Performance is just as important as appearance. Head shape is okay, but graphics are cheesy.

  25. James H says:

    I agree with Steve J. leave off the red stripe. Also, every single driver in your line-up should have a 9.5 degree because it gives you credibility…if you don’t have a 9.5, then you aren’t seen as mainstream. I believe you should have an all black driver with the pvd finish (low-handicap, as in hitting from the tips), a chrome silver “special edition”, A “white driver” – and I mean white in color or ivory, or ceramic or something (mid-handicap or hitting from white tees) and a blue for high handicap. The color scheme should be about 92% solid…with the other 8% consisting of a logo, maybe a strong graphic or something but no big freakin stripes like on your mock up….just a clean look…In fact just put an enlarged logo and maybe a couple of strips or arrows…(if you want a point of reference check my site for the nickent Special Edition Driver…it is sweet. I think having a draw model is great…Oh, check the adams golf site http://www.adamsgolf.com..they have a set of gun metal colored irons that are out of this world…not that I buy or sell them cuz I don’t but I think it is something to think about.

  26. Rich says:

    Hi Jeff

    My comments as follows,

    Cup face for sure…
    460 cc for sure…
    6/4 ti is ok as well…
    I like the screw for $4. Swingweight remains important. Custom fitting is the current theme and adjustability fits that niche
    Racing stripe… Seems to be a love it or hate it… This is a game improvement head from the specs. The racing stripe is a great visual for the proper swingpath…inside/out…. But here would be my concern… Paint quality. The metallic paint used on XK drivers is nice, but combine this with say the red paint used on the bottom of the SQ2 driver or Caiman and it would really look cheap. Maybe a more subtle Ping style of hologram or really nice quality finish will make the difference between a dud and desirable look.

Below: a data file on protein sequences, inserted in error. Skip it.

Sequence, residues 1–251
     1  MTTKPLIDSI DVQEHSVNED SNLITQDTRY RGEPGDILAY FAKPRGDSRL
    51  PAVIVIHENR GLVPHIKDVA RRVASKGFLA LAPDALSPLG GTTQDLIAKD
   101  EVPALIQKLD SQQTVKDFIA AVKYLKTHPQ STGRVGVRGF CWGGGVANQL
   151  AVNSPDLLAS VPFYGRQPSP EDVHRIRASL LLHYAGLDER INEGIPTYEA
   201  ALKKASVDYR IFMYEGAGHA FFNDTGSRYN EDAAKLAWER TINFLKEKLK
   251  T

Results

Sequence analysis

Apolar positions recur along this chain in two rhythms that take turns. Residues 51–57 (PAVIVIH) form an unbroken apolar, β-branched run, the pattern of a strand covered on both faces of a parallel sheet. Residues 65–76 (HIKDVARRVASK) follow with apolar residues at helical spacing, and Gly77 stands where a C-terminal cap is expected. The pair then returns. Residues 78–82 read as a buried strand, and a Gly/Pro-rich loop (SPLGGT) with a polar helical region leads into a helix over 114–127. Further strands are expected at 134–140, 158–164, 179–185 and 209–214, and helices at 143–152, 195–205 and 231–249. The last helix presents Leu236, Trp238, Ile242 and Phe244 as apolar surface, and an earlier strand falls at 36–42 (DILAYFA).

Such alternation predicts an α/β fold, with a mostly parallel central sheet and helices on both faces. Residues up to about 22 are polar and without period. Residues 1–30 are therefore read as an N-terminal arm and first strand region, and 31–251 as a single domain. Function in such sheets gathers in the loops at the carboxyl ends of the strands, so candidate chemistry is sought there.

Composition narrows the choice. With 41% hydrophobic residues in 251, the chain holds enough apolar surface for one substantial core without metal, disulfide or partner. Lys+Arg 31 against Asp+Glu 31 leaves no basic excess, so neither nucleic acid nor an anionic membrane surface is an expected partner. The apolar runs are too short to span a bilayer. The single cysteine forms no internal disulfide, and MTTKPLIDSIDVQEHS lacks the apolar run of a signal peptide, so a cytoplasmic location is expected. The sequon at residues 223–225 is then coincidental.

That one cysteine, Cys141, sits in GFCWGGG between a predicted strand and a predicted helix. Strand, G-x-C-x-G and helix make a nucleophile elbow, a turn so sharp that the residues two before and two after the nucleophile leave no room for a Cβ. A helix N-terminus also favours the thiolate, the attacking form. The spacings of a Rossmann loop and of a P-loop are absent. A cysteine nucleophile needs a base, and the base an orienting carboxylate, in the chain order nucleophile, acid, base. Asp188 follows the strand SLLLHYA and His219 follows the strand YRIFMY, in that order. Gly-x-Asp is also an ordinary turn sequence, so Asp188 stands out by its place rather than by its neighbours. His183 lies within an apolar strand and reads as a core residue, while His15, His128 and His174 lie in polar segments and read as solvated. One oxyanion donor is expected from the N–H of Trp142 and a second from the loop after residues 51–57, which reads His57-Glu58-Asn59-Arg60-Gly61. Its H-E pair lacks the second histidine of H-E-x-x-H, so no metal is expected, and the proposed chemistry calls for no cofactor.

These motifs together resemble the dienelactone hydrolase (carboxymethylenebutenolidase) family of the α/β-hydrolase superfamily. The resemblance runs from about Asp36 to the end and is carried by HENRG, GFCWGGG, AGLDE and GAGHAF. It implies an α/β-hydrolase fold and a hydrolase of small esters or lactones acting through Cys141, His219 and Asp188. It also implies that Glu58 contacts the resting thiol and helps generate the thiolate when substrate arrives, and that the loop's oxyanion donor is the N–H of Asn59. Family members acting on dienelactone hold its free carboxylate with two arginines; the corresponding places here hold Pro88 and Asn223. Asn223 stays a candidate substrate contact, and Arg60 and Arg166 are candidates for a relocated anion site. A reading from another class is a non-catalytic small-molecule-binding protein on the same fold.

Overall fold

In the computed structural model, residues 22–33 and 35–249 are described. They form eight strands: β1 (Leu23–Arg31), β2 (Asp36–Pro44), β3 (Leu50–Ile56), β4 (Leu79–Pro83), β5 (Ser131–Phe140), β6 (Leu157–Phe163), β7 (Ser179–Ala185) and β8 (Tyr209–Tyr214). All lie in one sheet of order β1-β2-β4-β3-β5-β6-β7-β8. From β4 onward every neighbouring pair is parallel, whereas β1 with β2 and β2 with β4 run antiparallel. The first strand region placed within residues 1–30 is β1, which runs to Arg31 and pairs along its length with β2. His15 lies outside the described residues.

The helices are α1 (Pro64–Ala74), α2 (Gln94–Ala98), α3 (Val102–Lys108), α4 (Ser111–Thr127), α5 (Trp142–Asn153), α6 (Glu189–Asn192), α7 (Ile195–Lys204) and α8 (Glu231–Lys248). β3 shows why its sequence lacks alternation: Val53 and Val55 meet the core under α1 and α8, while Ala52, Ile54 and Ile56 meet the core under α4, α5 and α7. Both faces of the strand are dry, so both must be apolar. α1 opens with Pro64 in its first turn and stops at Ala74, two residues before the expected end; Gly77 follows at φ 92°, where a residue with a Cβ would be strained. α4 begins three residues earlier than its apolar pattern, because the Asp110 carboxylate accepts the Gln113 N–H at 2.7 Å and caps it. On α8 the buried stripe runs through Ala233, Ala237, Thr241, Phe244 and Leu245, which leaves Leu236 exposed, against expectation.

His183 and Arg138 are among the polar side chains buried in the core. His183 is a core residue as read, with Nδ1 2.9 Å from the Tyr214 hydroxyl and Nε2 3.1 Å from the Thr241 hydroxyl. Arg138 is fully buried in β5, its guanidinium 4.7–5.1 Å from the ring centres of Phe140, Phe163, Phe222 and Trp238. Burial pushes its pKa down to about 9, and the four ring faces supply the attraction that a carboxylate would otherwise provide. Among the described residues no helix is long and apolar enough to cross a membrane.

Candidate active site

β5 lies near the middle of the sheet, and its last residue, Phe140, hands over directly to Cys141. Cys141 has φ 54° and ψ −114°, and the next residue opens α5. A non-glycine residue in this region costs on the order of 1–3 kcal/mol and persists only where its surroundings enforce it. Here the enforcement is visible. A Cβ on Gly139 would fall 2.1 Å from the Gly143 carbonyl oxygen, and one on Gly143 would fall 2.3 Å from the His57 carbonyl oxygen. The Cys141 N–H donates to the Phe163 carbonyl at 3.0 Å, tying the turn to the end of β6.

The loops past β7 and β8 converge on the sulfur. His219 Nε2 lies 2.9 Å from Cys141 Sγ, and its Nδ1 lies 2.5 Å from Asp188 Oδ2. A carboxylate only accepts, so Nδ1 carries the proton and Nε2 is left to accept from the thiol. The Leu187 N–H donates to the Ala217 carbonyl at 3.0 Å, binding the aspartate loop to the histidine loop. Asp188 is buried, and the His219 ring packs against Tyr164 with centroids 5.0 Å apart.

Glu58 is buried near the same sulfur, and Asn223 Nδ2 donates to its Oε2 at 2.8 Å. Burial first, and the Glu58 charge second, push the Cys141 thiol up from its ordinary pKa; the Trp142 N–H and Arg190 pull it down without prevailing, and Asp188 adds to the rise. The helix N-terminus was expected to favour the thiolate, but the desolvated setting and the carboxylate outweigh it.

Can we have these in stock next week???? Ha!

    Best regards and nice job so far….


  27. Tony says:

    Are you making progress on the Thriver?

    I’d love to try it out- minus the racing stripe.

  28. Andrew Wood says:

    Racing stripe – NO!
    Assymmetrical shape – NO!
    Simply, anything that is atracting attention at address is distracting. I remember this well from the insert in the crown of the Ping Rapture.
    To put it another way: go with the shape in your diagram and I wouldn’t touch it. a) I don’t like assymmetrical, and b) everyone will simply scorn it as a Diablo-clone. DON’T DO IT!

    460cc and cup face & VFT. Make this a performer! Off-centre forgiveness is a very high priority for the market this is aimed at.

    Square or round? How about squarish? ;o) By which I mean: take the line from the hosel (as looking at the crown in your diagram) to the rear corner. Repeat the same line/angle from the toe the corresponding rear corner. Then join up the two. It makes the club head distinctive in it’s own right, and retains symmetry.

    Hosel position. The diagram looks to have a slightly offset hosel. Maybe better is to have the hosel pushed right up to the corner, right on the limit of, but not, offset. The Ping Raptuure 13.5° is a perfect example of this (and one of the straightest drivers I ever played).

  29. Mark says:

    The stripe has to go.

    Cup face is good.

    A screw isn’t necessary.

    Less than 460cc is OK as long as performance isn’t compromised.

    When this discussion started I thought the head might end up similar to the Wishon 505F/D which is 200cc. Something between this and 460cc would be fine.

  30. Zane Yurkiw says:

    I would like to the study that supports cup face technology. I am a traditionalist and do not support the ‘spring-like effect’.Simply the ball is not flung from the clubface, it springs free of the clubface. Anything in the way of studies that support the spring-like theory would perhaps change my view. In addition, the people responding should indicate their credibility, i.e. engineer, weekend golfer, etc. While any and all responses are good, there has to be something more then marketing.

  31. […] out the previous “Design our next Driver” blog posts: Part 5 Part 4 Part 3 Part […]